The Associated Press reports:
In an apparent setback for Prime Minister Benjamin Netanyahu, the longtime Israeli leader on Tuesday fell short of securing a parliamentary majority with his hard-line allies in national elections, initial exit polls showed, putting his political future in question.
Results posted by Israel’s three major TV stations indicated that challenger Benny Gantz’s centrist Blue and White party held a a slight lead over Netanyahu’s Likud party. However, neither party was forecast to control a majority in the 120-seat parliament without the support of Avigdor Lieberman, a Netanyahu rival who heads the midsize Yisrael Beitenu party.
The apparent deadlock sets the stage for an extended period of uncertainty and complicated political maneuvering, but with Netanyahu in a relatively weaker bargaining position. The parties could be forced into a broad unity government that could push Netanyahu out.
The Jerusalem Post reports:
Leaders of the Joint List on Tuesday night expressed deep satisfaction with the exit polls that gave them 11 – 13 seats in the Knesset.
“We’re back to being the third largest party in the Knesset,” said Joint List head MK Ayman Odeh. He said that he expected the Blue and White Party headed by Benny Gantz to prefer a unity government with Likud over a coalition with the Joint List.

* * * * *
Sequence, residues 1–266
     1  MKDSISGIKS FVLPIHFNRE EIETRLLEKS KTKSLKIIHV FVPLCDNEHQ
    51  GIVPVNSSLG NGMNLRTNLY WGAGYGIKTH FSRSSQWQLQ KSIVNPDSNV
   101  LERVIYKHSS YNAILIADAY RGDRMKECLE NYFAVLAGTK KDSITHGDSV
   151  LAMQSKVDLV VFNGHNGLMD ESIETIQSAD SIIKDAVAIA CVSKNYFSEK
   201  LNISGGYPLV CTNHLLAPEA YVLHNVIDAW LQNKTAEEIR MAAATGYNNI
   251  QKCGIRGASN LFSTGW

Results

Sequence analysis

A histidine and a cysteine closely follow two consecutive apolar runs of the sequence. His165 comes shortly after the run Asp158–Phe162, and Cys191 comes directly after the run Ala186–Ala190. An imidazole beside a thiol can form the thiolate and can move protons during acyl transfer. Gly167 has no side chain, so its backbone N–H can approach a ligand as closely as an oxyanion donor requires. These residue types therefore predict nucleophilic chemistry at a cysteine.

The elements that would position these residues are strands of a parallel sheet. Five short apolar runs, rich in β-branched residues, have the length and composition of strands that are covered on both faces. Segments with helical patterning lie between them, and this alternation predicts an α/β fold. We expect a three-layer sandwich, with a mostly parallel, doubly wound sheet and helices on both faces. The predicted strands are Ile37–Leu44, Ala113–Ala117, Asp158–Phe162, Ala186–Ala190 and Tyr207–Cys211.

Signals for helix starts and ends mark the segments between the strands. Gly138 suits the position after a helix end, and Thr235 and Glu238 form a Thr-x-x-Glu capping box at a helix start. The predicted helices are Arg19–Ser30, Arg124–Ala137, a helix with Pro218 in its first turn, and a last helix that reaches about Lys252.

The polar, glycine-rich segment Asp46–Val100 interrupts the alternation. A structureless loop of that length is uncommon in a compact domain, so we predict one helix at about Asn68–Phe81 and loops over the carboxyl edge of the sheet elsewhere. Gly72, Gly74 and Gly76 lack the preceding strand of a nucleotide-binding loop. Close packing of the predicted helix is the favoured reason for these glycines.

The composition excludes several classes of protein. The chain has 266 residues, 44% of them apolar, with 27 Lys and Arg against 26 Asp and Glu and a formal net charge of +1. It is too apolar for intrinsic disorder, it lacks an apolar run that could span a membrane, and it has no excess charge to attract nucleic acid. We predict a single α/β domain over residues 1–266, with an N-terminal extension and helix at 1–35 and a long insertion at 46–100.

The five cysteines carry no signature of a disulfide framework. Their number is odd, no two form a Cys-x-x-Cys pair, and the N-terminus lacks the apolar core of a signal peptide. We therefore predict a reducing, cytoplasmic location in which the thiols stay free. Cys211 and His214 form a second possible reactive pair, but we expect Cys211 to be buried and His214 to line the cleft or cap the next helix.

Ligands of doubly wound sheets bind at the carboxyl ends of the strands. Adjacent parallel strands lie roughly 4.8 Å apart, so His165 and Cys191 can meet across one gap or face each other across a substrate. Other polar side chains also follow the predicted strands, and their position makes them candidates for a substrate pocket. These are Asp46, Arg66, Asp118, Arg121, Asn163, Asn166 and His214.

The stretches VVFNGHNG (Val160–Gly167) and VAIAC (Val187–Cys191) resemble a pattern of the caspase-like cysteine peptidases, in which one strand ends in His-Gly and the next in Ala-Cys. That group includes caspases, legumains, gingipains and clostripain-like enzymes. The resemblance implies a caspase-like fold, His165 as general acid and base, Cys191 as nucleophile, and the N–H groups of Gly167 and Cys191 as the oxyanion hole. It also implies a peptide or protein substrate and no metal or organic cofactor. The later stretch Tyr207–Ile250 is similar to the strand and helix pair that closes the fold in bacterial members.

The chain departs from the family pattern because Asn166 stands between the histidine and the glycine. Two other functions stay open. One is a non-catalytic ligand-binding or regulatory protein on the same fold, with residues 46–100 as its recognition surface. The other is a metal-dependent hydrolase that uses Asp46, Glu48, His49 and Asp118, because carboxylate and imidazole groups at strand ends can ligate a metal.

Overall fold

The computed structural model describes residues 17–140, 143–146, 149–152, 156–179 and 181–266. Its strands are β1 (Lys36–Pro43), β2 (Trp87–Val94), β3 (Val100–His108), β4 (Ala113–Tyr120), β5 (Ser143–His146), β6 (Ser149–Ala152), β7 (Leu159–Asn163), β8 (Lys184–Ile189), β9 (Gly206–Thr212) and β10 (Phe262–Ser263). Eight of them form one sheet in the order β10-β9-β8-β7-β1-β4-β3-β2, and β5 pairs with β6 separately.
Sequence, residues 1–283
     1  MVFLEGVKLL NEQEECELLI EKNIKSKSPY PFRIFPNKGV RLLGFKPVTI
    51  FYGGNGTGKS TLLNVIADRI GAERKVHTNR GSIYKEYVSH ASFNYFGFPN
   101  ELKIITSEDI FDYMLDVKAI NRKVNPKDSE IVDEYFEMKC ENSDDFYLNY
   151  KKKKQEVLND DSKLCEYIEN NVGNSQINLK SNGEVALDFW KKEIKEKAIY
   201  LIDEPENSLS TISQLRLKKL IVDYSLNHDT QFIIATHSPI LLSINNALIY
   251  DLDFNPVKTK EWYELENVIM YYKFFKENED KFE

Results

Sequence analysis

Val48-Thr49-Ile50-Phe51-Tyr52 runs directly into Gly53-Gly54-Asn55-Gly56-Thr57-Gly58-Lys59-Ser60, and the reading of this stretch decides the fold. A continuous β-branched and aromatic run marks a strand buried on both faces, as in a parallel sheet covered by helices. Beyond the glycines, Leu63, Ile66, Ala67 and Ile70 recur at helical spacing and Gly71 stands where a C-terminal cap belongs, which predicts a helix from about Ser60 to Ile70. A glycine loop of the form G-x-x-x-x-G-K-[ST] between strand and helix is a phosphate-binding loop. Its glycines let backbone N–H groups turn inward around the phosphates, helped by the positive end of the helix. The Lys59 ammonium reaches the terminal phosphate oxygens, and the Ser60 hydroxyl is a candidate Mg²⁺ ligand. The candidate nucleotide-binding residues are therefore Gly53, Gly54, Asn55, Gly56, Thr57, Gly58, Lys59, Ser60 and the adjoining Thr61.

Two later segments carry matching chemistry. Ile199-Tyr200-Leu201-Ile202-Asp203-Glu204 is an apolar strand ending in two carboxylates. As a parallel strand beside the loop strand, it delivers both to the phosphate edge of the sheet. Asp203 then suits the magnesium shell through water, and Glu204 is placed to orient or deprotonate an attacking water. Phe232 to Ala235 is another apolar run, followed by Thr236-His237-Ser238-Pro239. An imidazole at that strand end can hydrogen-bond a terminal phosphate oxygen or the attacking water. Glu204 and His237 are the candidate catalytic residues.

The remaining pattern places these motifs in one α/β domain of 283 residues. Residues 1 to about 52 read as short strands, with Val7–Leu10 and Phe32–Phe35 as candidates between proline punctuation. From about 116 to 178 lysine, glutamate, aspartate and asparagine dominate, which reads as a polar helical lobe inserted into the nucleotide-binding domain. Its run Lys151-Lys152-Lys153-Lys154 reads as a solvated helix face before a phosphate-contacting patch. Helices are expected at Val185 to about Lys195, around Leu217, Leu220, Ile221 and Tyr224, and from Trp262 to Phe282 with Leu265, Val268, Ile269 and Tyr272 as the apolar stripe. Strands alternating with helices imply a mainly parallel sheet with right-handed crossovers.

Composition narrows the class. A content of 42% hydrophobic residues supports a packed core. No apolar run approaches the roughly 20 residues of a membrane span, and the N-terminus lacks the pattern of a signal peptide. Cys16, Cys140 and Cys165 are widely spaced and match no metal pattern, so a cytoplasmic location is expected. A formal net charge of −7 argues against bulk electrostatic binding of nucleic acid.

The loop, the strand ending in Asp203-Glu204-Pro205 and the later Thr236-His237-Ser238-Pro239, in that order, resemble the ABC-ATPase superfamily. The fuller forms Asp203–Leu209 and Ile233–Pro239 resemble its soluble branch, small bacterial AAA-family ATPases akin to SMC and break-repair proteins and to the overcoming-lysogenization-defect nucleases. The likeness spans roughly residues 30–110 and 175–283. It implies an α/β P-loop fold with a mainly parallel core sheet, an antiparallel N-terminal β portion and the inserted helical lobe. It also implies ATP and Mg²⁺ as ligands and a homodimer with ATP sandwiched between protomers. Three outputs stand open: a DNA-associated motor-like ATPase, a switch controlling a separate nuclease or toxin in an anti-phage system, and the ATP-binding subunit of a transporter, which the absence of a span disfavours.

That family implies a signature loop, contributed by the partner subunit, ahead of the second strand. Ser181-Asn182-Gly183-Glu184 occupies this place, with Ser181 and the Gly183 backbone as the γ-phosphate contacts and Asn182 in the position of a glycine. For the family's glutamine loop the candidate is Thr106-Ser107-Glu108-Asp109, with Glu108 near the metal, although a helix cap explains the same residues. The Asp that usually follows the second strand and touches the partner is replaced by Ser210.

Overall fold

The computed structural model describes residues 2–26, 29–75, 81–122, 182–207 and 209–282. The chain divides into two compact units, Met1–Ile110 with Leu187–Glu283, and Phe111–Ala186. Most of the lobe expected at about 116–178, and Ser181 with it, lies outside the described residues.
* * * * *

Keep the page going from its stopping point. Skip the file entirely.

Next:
Odeh and MK Ahmed Tibi (Joint List) also expressed satisfaction with turnout in the Arab sector, saying that was one of the reasons why Prime Minister Benjamin Netanyahu would find it difficult to form a coalition. “The era of Netanyahu is over,” said Tibi. “He will now have to go home or to prison.”
After any Knesset election in Israel, following consultations with all political parties that won parliamentary seats the president gauges which legislator stands the best chance of forming a government.
Both Netanyahu and Gantz hope to be tapped after Tuesday’s election, but a photo finish now complicates the picture. A “national unity” government could avoid or resolve a stalemate if a Likud-led right-wing coalition or a Kahol Lavan-led center-left alliance prove impossible.
Gantz has said his party would not join a government with Netanyahu in it, citing the prime minister’s legal troubles (he faces three corruption indictments pending a hearing). If a partnership with Gantz is the only way to stay off the backbenches, prominent Likud members could try to topple Netanyahu as party leader, some political analysts have said.